# Chapter 6 Electronic Structure of Atoms - PowerPoint PPT Presentation

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Chemistry, The Central Science , 10th edition Theodore L. Brown; H. Eugene LeMay, Jr.; and Bruce E. Bursten. Chapter 6 Electronic Structure of Atoms. John D. Bookstaver St. Charles Community College St. Peters, MO  2006, Prentice Hall, Inc. Waves.

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Chapter 6 Electronic Structure of Atoms

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Chemistry, The Central Science, 10th edition

Theodore L. Brown; H. Eugene LeMay, Jr.; and Bruce E. Bursten

## Chapter 6Electronic Structureof Atoms

John D. Bookstaver

St. Charles Community College

St. Peters, MO

 2006, Prentice Hall, Inc.

### Waves

• To understand the electronic structure of atoms, one must understand the nature of electromagnetic radiation.

• The distance between corresponding points on adjacent waves is the wavelength().

### Waves

• The number of waves passing a given point per unit of time is the frequency ().

• For waves traveling at the same velocity, the longer the wavelength, the smaller the frequency.

• All electromagnetic radiation travels at the same velocity: the speed of light (c), 3.00  108 m/s.

• Therefore,

c = 

### The Nature of Energy

• The wave nature of light does not explain how an object can glow when its temperature increases.

• Max Planck explained it by assuming that energy comes in packets called quanta.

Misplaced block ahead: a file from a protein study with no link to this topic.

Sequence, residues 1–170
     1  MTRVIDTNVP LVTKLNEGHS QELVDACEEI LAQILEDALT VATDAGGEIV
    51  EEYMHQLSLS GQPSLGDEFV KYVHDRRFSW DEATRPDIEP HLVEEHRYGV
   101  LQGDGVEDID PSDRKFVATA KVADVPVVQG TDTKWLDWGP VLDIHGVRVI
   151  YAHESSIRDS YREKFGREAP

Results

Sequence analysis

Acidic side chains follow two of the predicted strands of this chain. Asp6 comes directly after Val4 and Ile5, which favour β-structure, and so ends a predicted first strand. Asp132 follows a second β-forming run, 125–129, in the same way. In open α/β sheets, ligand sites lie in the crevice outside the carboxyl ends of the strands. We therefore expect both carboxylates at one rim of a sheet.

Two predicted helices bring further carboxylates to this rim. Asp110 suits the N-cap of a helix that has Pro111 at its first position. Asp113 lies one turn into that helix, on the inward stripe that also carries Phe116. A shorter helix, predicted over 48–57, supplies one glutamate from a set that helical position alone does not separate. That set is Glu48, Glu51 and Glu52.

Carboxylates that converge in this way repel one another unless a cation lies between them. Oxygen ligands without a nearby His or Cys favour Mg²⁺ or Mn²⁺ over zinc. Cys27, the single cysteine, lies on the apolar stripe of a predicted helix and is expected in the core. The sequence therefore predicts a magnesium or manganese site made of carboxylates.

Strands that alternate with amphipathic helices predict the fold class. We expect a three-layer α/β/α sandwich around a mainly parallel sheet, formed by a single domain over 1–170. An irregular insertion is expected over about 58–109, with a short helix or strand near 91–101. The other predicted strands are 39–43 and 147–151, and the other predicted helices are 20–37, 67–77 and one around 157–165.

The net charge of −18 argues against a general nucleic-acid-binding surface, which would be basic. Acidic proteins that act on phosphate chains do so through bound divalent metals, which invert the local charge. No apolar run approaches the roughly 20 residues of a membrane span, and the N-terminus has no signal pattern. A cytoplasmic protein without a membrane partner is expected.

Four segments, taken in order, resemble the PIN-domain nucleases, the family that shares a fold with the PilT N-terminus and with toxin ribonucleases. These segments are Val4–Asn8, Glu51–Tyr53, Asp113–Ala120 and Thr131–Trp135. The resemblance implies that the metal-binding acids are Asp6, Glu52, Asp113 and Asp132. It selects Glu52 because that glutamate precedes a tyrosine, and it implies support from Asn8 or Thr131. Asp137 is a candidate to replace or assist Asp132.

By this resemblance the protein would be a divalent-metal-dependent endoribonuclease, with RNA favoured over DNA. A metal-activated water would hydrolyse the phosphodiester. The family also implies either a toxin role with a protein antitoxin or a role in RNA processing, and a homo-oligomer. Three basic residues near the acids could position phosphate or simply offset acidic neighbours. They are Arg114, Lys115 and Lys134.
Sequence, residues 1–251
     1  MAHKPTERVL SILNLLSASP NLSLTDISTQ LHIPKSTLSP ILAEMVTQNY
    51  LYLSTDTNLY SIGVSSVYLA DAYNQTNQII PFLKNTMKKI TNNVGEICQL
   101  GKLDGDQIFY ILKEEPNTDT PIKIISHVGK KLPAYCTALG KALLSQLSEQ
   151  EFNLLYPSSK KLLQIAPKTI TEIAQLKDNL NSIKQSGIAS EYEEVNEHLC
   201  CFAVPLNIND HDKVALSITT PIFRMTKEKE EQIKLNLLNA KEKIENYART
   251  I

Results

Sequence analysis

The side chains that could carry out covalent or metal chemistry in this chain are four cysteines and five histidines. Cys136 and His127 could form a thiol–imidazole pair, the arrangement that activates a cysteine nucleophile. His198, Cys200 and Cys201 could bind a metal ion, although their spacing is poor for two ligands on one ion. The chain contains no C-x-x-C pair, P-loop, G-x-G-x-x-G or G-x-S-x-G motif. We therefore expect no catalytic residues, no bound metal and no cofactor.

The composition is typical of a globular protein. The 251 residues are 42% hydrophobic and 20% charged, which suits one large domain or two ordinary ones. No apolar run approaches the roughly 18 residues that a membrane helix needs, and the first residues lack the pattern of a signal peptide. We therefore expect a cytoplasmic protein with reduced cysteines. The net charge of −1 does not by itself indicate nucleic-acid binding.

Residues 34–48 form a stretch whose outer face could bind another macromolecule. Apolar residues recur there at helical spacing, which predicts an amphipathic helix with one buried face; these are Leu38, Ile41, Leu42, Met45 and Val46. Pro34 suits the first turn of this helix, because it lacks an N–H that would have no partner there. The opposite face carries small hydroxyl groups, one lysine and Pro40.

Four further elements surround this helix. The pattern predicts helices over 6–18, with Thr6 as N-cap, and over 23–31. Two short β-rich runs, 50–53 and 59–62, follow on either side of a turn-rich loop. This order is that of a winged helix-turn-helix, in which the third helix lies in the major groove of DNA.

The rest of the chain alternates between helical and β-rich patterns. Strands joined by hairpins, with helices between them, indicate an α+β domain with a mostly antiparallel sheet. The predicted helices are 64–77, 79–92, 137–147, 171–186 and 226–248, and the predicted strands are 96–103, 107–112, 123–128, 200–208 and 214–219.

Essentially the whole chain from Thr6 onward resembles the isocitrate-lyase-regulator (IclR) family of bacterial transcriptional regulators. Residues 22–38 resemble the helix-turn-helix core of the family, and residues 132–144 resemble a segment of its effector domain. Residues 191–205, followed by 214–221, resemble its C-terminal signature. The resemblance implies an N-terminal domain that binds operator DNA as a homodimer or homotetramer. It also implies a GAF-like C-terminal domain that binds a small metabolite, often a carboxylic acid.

### The Nature of Energy

• Einstein used this assumption to explain the photoelectric effect.

• He concluded that energy is proportional to frequency:

E = h

where h is Planck’s constant, 6.63  10−34 J-s.

### The Nature of Energy

• Therefore, if one knows the wavelength of light, one can calculate the energy in one photon, or packet, of that light:

c = 

E = h

### The Nature of Energy

Another mystery involved the emission spectra observed from energy emitted by atoms and molecules.

### The Nature of Energy

• One does not observe a continuous spectrum, as one gets from a white light source.

• Only a line spectrum of discrete wavelengths is observed.

### The Nature of Energy

• Niels Bohr adopted Planck’s assumption and explained these phenomena in this way:

• Electrons in an atom can only occupy certain orbits (corresponding to certain energies).

### The Nature of Energy

• Niels Bohr adopted Planck’s assumption and explained these phenomena in this way:

• Electrons in permitted orbits have specific, “allowed” energies; these energies will not be radiated from the atom.

### The Nature of Energy

• Niels Bohr adopted Planck’s assumption and explained these phenomena in this way:

• Energy is only absorbed or emitted in such a way as to move an electron from one “allowed” energy state to another; the energy is defined by

E = h